I recently attended a conference on smart grid technology in Chicago.  Following the conference, I had lunch with another attendee and asked him what he thought about the conference.  My lunch guest, who is a wise fellow and has worked for many years in the cleantech and sustainability fields, just rolled his eyes.  The conference was fine, he said.  But the problem with the conference is that we just spent two days talking about how we make what is in effect a problem for utilities into a problem for consumers.  That project he felt might be of interest to utilities and smart grid advocates, but has little hope for success in the real world.

My lunch guest summarized in a few short words the principal challenge of the smart grid, as most utilities are thinking about it today.  Our national grid infrastructure is largely antiquated and, as electricity use grows over coming decades, utilities face what is in effect a political problem:  Billions of dollars of unpopular new infrastructure spending is needed in order to upgrade the grid.  Those expenditures can, however, at least in theory be reduced if electricity consumers can be persuaded or compelled to use electricity differently.  Much of smart grid technology, which is referred to as demand response, is about trying to make that happen.

Properly understood, demand response is not really about saving costs, but about moving costs from one party onto another.  Compelling a consumer to charge a vehicle or wash clothes at night, rather than at 6:00 p.m. in the evening, means that a utility will have to spend less money to accommodate peak load. But compelling a consumer to act differently is a cost to that consumer.  Technology might be able to take some bite out of that cost by eliminating uses of electricity that consumers may agree are unnecessary.  Installing a motion sensor on a light switch is a good example.  But the question of who has to buy the motion sensor remains.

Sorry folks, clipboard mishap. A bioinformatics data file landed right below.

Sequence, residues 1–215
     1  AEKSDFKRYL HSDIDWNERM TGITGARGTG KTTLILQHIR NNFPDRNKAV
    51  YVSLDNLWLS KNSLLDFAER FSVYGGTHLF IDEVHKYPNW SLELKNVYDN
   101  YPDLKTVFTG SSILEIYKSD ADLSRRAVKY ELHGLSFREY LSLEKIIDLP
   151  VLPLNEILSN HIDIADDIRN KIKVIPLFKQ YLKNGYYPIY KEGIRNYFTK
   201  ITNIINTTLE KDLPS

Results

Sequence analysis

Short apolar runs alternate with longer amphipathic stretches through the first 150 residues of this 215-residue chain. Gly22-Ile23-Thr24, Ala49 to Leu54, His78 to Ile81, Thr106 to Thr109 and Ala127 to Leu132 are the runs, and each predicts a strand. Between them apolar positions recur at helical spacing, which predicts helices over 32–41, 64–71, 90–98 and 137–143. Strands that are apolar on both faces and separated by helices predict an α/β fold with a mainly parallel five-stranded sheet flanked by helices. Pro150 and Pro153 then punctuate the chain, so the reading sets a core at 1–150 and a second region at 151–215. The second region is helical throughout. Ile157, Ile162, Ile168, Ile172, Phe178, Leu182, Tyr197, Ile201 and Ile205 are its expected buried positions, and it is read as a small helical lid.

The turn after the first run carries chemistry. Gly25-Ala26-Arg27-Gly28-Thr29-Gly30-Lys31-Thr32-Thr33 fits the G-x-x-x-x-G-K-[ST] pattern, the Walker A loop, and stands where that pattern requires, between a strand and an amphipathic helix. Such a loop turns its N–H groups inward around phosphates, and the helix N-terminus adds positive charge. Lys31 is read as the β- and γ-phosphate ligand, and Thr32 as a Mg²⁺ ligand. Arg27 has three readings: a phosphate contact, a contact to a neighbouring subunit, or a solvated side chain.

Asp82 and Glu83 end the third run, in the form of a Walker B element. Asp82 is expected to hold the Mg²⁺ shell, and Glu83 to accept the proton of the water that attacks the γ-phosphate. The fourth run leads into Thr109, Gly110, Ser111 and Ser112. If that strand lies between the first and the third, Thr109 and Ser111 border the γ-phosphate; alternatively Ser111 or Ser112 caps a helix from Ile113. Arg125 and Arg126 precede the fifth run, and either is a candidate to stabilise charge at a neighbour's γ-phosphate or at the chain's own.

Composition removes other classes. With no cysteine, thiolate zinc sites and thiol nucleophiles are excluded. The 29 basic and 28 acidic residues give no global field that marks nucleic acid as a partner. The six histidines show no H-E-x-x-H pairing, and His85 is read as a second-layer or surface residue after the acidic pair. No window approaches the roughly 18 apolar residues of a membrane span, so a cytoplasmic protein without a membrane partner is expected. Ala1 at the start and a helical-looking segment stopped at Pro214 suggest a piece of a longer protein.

Utilities and smart grid advocates are not likely to give up on demand response initiatives anytime soon.  But, as my lunch guest surmised, they face an uphill battle.

Energy storage advocates have a different story to tell and by many measures a more compelling one.  With energy storage, a utility or electricity service provider manages the challenge (and, yes, the cost) of drawing electricity from the grid in the most efficient way possible.  The electricity is then stored locally, by means of a distributed energy storage system, which the consumer draws from when and as the consumer wants.  Peak electricity usage on the grid is reduced and greater energy efficiency is achieved through the utility’s management of the storage resource without involving the consumer.

This is a good news story for consumers and one which energy storage advocates must be more proactive in telling.  Consumer upset about smart meters and concerns about privacy are a virtual invitation to set out a different vision of the smart grid of the future:  a smart grid that truly values consumer choice and that leaves power management to the experts—the utilities—rather than imposes it on retail consumers.  The smart grid’s problem should be storage’s opportunity.